Oh boy... Staraptor. It had to be covered eventually, because it is a great Pokémon after all. To be honest, this is a Pokémon I dread, simply because, telling you now, Staraptor’s an easy Pokémon to get, yet it is somehow very good. Yes, Staraptor’s an early bird Pokémon like Swellow and Pidgeot, but Staraptor is truly something special indeed. Now, the reason I am against using Staraptor in normal circumstances is how easy it is to train one. That’s not to say I have a grudge against it. It’s just that it doesn’t feel right to use something that is easily accessible. I am sure some people loved Staraptor precisely for this reason, but I know I don’t. Let’s see what makes Staraptor a stellar Pokémon.
One thing that immediately sticks out from its stats are Attack and Speed. The Speed tier is acceptable for a sweeper, while its Attack allows it to use its STAB Brave Bird and Double-Edge to hit really hard. However, Staraptor also has a powerful weapon that truly differentiates itself from its other bird kin: Close Combat. This move ensures that even Rock- and Steel-types won’t be attempting to wall Staraptor. In terms of a fourth move, there are some viable options. U-turn is for switching out in anticipation of a healthy wall, Roost to recover some damage off its recoil moves, while Quick Attack strikes first. Its abilities are also good. Intimidate is to help Staraptor take a Physical hit well, while Reckless boosts its two STAB attacks. Well, this is all good and all, but Staraptor isn’t a perfect Pokémon.
Staraptor’s going to have problems with anything that hit it hard or super-effectively (or both), especially one that is faster, such as Jolteon. In addition to this, anything that could take a hit from Staraptor and KO it back (Physical tanks are good, like Rhyperior) or cripple it (Cofagrigus) would do well in checking Staraptor. Staraptor’s main moves also drain its HP away, and being weak to Stealth Rock, Staraptor’s not one to survive for long (without Roost, that is).
Now it’s time to see the troubles it is with Staraptor. First and foremost, it gets Double-Edge through breeding. The only Pokémon that learns this move is Togetic (45), a hard to get Pokémon. However, their dominantly-male nature makes it easier to acquire. Roost is another move that is obtained through breeding, but a Move Tutor ensures that it is not involved with move legality issues. The last of the troubles is, passing on the Dream World ability Reckless. This is because Starly has no Dream World ability, making it a necessity to evolve Staravia to find out if you have the right ability. Thankfully this won’t be an issue if you only wanted Intimidate, because this is the only natural ability Staraptor has.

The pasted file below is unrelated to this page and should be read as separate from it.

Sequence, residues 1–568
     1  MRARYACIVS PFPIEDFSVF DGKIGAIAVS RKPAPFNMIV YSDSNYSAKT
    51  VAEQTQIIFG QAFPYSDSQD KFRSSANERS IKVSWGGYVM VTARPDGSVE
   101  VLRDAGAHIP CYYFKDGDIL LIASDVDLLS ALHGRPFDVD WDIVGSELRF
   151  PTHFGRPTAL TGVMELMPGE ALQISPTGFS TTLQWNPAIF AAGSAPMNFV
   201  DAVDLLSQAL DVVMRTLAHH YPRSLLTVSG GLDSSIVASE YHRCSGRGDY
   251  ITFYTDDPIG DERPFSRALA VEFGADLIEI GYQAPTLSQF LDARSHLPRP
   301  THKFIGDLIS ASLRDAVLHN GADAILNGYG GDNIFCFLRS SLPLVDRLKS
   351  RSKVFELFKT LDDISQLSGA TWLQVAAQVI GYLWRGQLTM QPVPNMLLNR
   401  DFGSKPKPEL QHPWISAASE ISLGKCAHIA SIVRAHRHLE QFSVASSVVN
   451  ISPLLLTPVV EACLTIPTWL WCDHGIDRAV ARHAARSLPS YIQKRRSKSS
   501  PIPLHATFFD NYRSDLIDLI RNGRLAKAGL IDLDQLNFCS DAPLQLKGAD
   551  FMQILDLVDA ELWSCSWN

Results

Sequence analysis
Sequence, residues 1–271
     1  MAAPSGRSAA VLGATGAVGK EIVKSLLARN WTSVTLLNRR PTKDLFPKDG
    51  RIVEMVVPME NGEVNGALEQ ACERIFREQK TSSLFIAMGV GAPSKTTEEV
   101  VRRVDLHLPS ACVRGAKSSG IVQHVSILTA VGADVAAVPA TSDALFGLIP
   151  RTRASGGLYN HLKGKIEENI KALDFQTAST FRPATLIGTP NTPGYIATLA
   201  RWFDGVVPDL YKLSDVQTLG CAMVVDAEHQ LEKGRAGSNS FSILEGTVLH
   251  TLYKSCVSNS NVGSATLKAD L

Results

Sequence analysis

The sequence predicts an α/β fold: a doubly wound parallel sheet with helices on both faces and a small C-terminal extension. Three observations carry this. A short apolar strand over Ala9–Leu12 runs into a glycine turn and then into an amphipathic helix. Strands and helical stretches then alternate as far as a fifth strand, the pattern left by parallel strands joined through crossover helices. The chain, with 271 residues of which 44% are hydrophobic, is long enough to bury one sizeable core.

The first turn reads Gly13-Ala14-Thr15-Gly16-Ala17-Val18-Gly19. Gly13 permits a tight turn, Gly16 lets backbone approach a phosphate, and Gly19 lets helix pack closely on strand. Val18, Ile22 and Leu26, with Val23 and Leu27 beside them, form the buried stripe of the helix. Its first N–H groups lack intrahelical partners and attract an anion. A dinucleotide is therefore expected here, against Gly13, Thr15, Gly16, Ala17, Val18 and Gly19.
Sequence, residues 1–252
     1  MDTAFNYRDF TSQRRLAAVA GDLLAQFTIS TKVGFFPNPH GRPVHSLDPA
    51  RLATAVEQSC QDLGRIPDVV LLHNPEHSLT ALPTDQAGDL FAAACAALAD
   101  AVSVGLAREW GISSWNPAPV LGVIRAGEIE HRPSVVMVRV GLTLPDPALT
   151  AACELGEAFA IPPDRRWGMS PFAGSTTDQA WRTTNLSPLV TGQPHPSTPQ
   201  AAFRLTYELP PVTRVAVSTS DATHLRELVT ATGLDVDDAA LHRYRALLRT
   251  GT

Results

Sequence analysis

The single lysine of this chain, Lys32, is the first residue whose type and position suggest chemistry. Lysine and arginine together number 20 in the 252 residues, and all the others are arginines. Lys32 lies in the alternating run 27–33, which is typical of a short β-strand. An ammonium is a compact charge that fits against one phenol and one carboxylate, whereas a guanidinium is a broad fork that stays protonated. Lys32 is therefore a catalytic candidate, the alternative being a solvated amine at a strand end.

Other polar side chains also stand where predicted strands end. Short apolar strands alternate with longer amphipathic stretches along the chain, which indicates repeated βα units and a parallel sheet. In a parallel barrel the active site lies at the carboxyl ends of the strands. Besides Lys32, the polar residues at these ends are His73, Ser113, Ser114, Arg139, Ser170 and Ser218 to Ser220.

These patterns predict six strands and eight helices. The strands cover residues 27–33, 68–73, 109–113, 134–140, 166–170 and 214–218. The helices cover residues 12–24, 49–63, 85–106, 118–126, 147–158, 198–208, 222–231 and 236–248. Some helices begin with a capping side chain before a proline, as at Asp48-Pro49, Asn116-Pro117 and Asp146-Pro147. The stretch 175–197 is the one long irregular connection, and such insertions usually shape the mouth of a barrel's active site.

The ones I listed in the previous paragraph are basically the only issues that Staraptor notably face, because Staraptor has the advantage of being an early Pokémon and being very powerful. It is so powerful that it had to be banned in the metagame for underused Pokémon in Standard Play. Some of the things that Staraptor has the benefit of for being an early-game Pokémon include being easy to catch (Starly’s catch rate is at max), takes less time to hatch (16 cycles), is available in Dream World from the start (though you need four badges and some points first) and learning the necessary moves by level-up (Return, a universal and easy-to-obtain TM, is an OK alternative to Double-Edge).
Based on these factors, Staraptor is easily an imbalanced Pokémon. To be fair, Staraptor does have a couple of issues to get past (Double-Edge and Reckless), but they are not necessary for Staraptor to prove its might, since it doesn’t need either to prove its might in an earlier Generation. I am actually torn on what the ranking should be, but since I don’t see anything that rivals or exceeds Staraptor’s imbalance (on the performance side), I will give it a maximum score. It’s true that in battling it is more balanced, but for an early Pokémon to deserve the honour of being too powerful in the lower tiers makes Staraptor an example on how not to design a Pokémon’s balance between effort and reward.
Verdict: Imbalanced [+5]
I remembered taking a liking for Spiritomb when it was called Mikaruge because of its type combination. This Pokémon basically trumped Sableye’s only selling point because Spiritomb is a far better Pokémon than it, at least until Sableye got Prankster. It is a Pokémon themed around the number 108, and would you look at that: it has 108 Defence and Special Defence! Besides that, what makes Spiritomb a great Pokémon?